Enough is enough. Sales agents sometimes decide to sever their relationships with merchants who break rules, ask clueless questions, make unjustified demands, register wrong-headed complaints or bicker endlessly over prices and fees.

That kind of “divorce” rarely occurs but can prove painful, sales agents agree. Most agents report only a handful of such cases during years in the business and say they usually make the split over the phone instead of with a more impersonal e-mail message.

“Every once in a while you get that pain-in-the-rear-end merchant that no matter how you bend over backwards it’s not going to be good enough,” says Mike Weiner, CEO of Blakely, Pa.-based Advanced Merchant Group. “If we can’t serve your needs,” Weiner eventually tells those problem merchants, “you might be better off going somewhere else.”

Agents most often terminate a troublesome commitment because the residuals they earn from the merchant’s transactions fail to compensate for the headaches and heartaches involved, says Gary Peterson, president of Mount Prospect, Ill.-based Arlington Heights Merchant Banc.

“I’ve had a few occasions where the merchant was doing $50 to $60 a month [in residuals] but they were just a real pain in the neck to deal with,” says Peterson. “They were very caustic. It came to a point where we said, ‘Look, we really do appreciate your business and thank you so much, but don’t call me anymore.’”

One of Peterson’s merchants complained bitterly about not receiving payment after causing the problem himself by failing to “batch out” at the end of the day, he says. Later, the retailer groused about a “late” payment only because he neglected to take into account that holidays do not count as business days, Peterson continues. Many merchants send their transactions for settlement in a batch at the end of a business day.

That same retailer, he adds, had a meltdown every time a rival agent offered a price of a penny less per transaction, even though fees would made the competing service more expensive. “It was more aggravation than it was worth,” Peterson says of the decision to annul the relationship.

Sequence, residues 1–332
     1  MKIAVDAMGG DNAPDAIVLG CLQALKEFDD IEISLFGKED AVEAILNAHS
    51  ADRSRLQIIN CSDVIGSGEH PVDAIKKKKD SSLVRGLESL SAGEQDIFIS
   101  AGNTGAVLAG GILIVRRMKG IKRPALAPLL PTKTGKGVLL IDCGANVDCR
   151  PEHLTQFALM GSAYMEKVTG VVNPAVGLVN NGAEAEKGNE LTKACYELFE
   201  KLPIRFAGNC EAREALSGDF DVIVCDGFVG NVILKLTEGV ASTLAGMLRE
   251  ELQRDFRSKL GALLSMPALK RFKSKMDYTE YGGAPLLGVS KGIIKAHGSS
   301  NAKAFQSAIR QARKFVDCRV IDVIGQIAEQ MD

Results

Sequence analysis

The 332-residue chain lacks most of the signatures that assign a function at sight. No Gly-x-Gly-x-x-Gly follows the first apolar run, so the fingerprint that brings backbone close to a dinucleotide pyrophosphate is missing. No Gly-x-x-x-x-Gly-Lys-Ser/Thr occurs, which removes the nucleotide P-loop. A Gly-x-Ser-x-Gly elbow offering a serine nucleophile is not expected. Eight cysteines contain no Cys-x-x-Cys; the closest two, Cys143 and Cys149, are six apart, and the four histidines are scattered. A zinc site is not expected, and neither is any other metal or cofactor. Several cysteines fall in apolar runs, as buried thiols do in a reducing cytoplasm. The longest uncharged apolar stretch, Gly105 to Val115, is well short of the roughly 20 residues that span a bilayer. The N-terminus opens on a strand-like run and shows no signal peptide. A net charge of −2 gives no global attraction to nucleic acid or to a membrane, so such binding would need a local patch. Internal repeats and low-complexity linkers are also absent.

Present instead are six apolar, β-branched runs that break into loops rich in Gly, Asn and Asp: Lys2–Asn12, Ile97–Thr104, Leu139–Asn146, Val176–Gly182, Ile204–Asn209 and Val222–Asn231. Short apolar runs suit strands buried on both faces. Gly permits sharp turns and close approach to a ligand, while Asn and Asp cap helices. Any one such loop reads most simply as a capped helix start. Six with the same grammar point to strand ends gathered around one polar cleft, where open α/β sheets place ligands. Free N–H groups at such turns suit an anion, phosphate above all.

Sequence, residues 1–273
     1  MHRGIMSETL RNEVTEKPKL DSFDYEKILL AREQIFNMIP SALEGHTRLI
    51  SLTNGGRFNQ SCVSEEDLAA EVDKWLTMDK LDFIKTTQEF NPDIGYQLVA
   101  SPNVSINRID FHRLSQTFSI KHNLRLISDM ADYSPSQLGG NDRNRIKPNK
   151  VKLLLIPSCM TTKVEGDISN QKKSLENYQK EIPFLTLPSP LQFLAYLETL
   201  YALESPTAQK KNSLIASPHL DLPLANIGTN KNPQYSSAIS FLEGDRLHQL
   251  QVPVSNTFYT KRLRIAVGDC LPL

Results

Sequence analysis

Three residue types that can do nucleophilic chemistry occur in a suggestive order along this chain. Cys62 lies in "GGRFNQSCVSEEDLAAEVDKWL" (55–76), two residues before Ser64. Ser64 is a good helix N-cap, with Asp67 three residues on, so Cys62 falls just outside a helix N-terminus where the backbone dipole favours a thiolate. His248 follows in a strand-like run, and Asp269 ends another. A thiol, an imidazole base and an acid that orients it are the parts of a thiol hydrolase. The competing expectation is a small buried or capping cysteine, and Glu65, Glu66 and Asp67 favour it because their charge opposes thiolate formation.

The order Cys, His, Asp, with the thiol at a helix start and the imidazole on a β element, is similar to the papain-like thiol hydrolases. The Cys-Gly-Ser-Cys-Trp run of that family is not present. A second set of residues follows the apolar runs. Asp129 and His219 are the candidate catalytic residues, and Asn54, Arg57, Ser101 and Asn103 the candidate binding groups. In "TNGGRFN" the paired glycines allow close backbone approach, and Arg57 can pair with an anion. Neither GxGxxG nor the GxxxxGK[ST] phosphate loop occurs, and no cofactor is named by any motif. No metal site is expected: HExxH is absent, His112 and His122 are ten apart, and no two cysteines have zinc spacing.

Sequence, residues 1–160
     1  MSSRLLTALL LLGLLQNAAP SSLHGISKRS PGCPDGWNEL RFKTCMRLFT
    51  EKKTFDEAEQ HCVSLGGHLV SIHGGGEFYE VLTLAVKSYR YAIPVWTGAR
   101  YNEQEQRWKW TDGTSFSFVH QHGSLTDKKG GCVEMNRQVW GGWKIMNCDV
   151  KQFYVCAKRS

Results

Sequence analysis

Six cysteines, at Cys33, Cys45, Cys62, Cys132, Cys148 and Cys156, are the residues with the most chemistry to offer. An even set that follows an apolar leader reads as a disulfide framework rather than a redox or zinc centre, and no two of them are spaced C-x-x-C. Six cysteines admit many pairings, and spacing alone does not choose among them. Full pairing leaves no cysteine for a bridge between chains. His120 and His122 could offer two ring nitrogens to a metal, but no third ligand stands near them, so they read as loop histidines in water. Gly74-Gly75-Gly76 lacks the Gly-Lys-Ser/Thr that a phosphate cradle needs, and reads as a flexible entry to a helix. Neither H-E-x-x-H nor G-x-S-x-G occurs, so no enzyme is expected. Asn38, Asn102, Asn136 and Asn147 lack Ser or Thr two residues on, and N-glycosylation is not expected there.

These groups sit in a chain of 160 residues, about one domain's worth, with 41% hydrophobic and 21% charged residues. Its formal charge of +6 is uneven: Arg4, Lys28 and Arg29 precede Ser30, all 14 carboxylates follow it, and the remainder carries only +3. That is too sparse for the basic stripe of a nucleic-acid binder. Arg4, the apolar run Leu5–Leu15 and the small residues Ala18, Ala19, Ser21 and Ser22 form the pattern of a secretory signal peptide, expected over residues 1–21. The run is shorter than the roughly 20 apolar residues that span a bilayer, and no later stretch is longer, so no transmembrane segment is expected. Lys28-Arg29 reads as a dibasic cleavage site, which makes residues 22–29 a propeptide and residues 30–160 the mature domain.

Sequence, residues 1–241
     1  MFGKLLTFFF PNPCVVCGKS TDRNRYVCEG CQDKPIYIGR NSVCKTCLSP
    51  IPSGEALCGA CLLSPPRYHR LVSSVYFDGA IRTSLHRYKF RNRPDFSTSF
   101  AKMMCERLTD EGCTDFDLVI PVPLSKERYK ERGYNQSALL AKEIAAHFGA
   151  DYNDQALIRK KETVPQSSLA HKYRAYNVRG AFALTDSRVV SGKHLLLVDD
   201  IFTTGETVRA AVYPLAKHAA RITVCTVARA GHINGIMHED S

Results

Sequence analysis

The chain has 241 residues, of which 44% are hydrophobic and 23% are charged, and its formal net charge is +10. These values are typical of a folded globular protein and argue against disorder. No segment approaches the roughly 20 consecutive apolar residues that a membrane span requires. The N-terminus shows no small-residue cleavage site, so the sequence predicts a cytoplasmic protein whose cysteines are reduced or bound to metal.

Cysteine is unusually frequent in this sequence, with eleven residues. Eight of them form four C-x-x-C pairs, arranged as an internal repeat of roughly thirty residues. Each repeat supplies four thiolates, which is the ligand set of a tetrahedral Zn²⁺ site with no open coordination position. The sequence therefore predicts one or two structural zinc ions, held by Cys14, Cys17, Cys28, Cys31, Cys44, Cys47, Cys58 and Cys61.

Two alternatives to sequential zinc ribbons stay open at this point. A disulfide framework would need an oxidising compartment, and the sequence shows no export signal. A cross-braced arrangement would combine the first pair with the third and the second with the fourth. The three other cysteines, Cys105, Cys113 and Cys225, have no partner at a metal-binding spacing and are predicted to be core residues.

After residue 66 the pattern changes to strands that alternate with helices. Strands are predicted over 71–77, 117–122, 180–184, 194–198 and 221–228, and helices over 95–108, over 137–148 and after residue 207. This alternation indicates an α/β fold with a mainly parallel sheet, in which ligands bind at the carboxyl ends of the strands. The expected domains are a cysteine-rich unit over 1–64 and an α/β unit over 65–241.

Assign Blame

Then, too, the retailer does not always play the villain. But when merchants have valid complaints, they often unknowingly blame the wrong entity. If a smaller bank delays payment for a day to take advantage of the “float,” for example, merchants often lash out at the sales agent, says Weiner.

“We told her to call her bank and find out why they were holding her money for a day,” he says. “She ended up switching banks and now she gets her deposit the next day, the way she’s supposed to.”

Even when merchants make justified complaints, they sometimes make unreasonable demands for restitution. Although a retailer was mistakenly billed for a year of PCI fees instead of a month, the agent could not meet an ultimatum to force the bank to make good on the error by 3 p.m. that day, says Weiner. All he could do was apologize and say, “If you’re going to leave, then leave.” 

In other situations merchants break rules, and agents may decide to drop the account. Peterson, for example, stopped working with a retailer who had multiple merchant identification numbers. “We decided it wouldn’t be a good thing to continue,” Peterson says.

Whatever the cause, agents can avoid awkward breakups with merchants by declining at the outset to take on the troublemakers, says Bo Hentz, owner and “chief problem solver” at
Chattanooga, Tenn.-based Choo Choo Merchant Services. “At first, I’d take anybody because I was just getting into the business,” Hentz says. “As you learn, you find out some people just aren’t worth it.”

Potential customers who sift through every detail of a contract tend to cause problems later, Hentz says. “You know they’re going to be a pain,” he says. “They’re going to be a stickler for every detail.” Merchants who balk at providing a Social Security number usually have bad credit histories, he notes.

Seek Help

Once saddled with a retailer they find irritating, agents have another alternative—turning the merchant over to the acquiring bank, says Frank Grabowski, owner of Seabrook, Texas-based American Card Service. “If we’re not giving you satisfaction,” Grabowski tells the retailers, “why don’t you call directly into customer service? They have direct access to more information, and they’ll be able to help you quicker.”

The handoff makes sense, Grabowski says. “That’s what the big boys are there for—to back us up,” he says. 

Whatever pitfalls agents encounter, they seldom break off a merchant relationship simply because the account produces only a small amount of revenue. Grabowski has had Mexican restaurants that produced residuals of $15 to $20 a month at first but were providing residuals of $80 to $120 a month a year later.

Weiner tells of working in the group life insurance business before becoming a sales agent. A customer with a three-person account that paid him $21 a month referred him to a relative who helped him land a 7,000-person account that paid him $37,000 a month for two years, he says.

And even the accounts that remain small and never produce a referral have value as long as they generate few questions or complaints, says Peterson. “Any money,” he notes, “is better than no money.”

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